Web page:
PM sur­prises some with top-court pick

Richard Wag­ner is Harper’s 5th nom­i­na­tion for Supreme Court


OT­TAWA— De­fy­ing ex­pec­ta­tions, Stephen Harper named Richard Wag­ner of the Quebec Court of Ap­peal to the Supreme Court of Canada.

The ap­point­ment Tues­day means the court is once again down to three women, six men — not the “visionary” im­age re­flected in Claude Le Sau­teur’s de­pic­tion on a Cana­dian stamp that Chief Jus­tice Beverley McLach­lin once hailed.

Jus­tice Marie Deschamps, who re­tired in Au­gust, had ex­pressed the hope that she would be re­placed by an­other woman.

With sev­eral ac­com­plished women on the Quebec Court of Ap­peal bench, Harper could well re-es­tab­lish the con­tin­gent of four women that was first reached in 2004 and main­tained un­til now.

Be­fore the next an­tic­i­pated fed­eral elec­tion in 2015, Harper will have the op­por­tu­nity to name two more judges fol­low­ing the manda­tory re­tire­ments at age 75 of Mor­ris Fish and Louis LeBel.

But some ob­servers, such as Queen’s Univer­sity law pro­fes­sor Kath­leen La­hey, were dis­ap­pointed by Harper’s move.

“True sex equal­ity should, in this day and age, be re­flected in ev­ery in­sti­tu­tion in Cana­dian so­ci­ety — and par­tic­u­larly in the com­po­si­tion of the top court.”

She noted only eight of the more than 70 ap­point­ments in the top court’s his­tory have been women. Wag­ner, 55, is the son of Claude Wag­ner, who once lost the lead­er­ship of the fed­eral Pro­gres­sive Con­ser­va­tive party to Joe Clark and the lead­er­ship of Quebec’s Lib­er­als to Robert Bourassa. The se­nior Wag­ner, seen as a tough pro­vin­cial lawand-or­der at­tor­ney gen­eral, was ap­pointed to the Se­nate by Pierre Trudeau, and died at 54. Richard Wag­ner is a grad­u­ate of the Univer­sity of Ot­tawa’s law school, a for­mer me­di­a­tor and civil and com­mer­cial lit­i­ga­tor who be­came a judge in Quebec in 2004, and joined the ap­peal court a year and a half ago. He is the fifth top-court nom­i­na­tion Harper has made. Harper said Wag­ner was picked from a short list af­ter “a rig­or­ous eval­u­a­tion.” “Held in high es­teem by his ju­di­cial col­leagues and mem­bers of his bar as­so­ci­a­tion, he is an ex­cep­tional can­di­date with the skills and qual­i­fi­ca­tions needed to serve Cana­di­ans well,” Harper said in a state­ment. Wag­ner’s cur­ricu­lum vi­tae notes that his prior le­gal prac­tice fo­cused “mainly on pro­fes­sional li­a­bil­ity of lawyers, ac­coun­tants, ar­chi­tects and en­gi­neers, and on com­mer­cial lit­i­ga­tion re­lated to, namely, real es­tate law, op­pres­sion reme­dies and class ac­tion suits.” Wag­ner was se­lected by Harper and Jus­tice Min­is­ter Rob Ni­chol­son from an un­ranked short list of three qual­i­fied can­di­dates, which had been unan­i­mously ap­proved by a com­mit­tee of five MPs that in­cluded the NDP’s jus­tice critic Françoise Boivin and Lib­eral MP Stéphane Dion. Wag­ner is to be ques­tioned by an ad hoc Com­mons com­mit­tee Thurs­day. But the com­mit­tee does not have any say or veto over the ap­point­ment. It will merely pose ques­tions and al­low Wag­ner to in­tro­duce him­self. In that re­spect Harper has never gone as far as he once promised to en­sure par­lia­men­tary trans­parency and ac­count­abil­ity for his ju­di­cial picks. The se­lec­tion process is still largely a closed-door pro­ceed­ing that de­fies the trans­parency Harper once promised for the coun­try’s top court. Univer­sity of Ot­tawa law pro­fes­sor Adam Dodek, who has writ­ten ex­ten­sively on the high court, said, “Jus­tice Deschamps’s voice on the court will be missed. She was in­de­pen­dent and of­ten brought a dif­fer­ent per­spec­tive to the is­sues be­fore the court and worked to bridge the di­vide be­tween the com­mon law and the civil law in Canada.” Dodek noted that by 2014, the time when the en­tire Quebec com­ple­ment will have been re­placed, five of the judges will have been on the court for three years or less.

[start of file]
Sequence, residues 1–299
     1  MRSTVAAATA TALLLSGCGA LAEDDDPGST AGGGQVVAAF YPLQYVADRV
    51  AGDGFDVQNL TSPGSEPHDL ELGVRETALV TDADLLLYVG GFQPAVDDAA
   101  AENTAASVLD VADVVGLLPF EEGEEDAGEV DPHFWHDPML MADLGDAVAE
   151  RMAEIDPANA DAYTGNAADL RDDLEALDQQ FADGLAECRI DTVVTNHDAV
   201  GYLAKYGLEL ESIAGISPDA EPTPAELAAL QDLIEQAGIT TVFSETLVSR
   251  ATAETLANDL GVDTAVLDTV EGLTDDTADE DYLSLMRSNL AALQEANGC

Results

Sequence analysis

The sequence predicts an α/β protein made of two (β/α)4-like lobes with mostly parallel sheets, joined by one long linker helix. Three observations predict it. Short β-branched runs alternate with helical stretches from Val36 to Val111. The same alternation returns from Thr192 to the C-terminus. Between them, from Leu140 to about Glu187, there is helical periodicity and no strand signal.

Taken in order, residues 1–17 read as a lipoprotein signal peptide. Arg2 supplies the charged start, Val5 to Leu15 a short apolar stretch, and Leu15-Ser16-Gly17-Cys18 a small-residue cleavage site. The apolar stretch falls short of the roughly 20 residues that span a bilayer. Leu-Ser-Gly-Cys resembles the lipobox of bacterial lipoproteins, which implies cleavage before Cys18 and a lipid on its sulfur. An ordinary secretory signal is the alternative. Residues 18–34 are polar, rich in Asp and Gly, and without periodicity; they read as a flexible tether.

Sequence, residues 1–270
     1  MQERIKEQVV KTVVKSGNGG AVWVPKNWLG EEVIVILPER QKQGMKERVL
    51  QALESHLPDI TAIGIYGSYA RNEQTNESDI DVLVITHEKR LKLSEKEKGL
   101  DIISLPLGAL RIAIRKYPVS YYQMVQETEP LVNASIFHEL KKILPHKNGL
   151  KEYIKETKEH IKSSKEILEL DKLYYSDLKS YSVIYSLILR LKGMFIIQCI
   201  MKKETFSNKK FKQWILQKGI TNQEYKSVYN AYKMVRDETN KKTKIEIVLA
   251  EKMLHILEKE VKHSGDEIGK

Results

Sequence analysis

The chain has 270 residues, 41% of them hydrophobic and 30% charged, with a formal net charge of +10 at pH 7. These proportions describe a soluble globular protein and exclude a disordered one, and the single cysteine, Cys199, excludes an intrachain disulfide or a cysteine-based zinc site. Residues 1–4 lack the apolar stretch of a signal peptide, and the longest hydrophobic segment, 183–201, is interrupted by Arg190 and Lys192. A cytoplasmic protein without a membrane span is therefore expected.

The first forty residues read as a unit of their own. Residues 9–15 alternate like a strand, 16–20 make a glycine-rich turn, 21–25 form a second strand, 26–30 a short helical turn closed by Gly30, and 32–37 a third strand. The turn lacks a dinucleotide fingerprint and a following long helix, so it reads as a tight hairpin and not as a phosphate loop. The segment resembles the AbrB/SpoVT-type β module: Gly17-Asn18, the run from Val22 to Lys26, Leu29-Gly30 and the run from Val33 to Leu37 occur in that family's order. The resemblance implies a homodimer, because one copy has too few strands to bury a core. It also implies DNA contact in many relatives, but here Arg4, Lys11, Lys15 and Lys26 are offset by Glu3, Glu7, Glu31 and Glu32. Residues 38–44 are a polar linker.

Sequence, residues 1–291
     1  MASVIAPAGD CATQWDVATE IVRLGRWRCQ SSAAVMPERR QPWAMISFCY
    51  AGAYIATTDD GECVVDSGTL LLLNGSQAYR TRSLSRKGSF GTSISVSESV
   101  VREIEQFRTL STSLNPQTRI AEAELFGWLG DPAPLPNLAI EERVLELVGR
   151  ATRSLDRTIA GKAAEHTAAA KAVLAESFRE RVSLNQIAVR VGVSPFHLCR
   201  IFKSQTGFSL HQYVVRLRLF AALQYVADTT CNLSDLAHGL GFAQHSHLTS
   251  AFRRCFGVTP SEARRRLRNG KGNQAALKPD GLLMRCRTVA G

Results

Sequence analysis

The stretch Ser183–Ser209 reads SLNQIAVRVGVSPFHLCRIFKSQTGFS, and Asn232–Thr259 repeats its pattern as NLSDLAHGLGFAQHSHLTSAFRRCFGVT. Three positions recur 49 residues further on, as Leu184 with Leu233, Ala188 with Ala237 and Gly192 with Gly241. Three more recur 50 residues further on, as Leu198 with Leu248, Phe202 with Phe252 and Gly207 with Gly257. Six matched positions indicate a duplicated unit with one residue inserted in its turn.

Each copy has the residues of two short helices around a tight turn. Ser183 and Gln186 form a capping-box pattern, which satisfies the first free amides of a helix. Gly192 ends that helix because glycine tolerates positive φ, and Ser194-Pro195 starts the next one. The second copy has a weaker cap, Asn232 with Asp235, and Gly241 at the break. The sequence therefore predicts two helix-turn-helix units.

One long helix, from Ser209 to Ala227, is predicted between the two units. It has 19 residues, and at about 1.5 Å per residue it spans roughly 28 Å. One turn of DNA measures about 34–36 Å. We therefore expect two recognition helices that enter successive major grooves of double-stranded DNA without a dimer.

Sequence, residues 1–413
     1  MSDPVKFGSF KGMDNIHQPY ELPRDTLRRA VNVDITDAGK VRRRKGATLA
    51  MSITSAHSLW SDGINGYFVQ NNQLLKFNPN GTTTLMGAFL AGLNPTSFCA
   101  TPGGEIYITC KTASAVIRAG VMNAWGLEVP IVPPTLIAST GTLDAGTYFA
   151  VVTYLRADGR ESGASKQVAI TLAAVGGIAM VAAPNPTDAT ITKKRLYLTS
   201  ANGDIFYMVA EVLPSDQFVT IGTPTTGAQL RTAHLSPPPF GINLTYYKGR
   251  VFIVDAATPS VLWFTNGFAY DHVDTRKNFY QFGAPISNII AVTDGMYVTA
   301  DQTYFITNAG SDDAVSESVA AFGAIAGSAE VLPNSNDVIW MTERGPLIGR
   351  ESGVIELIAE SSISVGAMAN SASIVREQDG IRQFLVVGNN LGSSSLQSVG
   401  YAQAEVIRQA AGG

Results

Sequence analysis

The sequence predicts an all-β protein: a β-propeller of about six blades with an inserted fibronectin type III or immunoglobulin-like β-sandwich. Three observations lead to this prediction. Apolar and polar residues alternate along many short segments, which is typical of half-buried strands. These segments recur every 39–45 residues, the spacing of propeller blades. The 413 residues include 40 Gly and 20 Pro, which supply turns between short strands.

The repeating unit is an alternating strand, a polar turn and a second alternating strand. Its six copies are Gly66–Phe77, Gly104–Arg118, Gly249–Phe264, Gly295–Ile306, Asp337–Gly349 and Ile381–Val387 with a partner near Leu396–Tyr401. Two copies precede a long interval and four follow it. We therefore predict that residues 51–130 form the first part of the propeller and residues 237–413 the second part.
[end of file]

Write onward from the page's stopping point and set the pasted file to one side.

“We are in the midst of a time of sig­nif­i­cant change.”

Jus­tice Richard Wag­ner will re­place Marie Deschamps, leav­ing three women on the top court.

Newspapers in English

Newspapers from Canada

© PressReader. All rights reserved.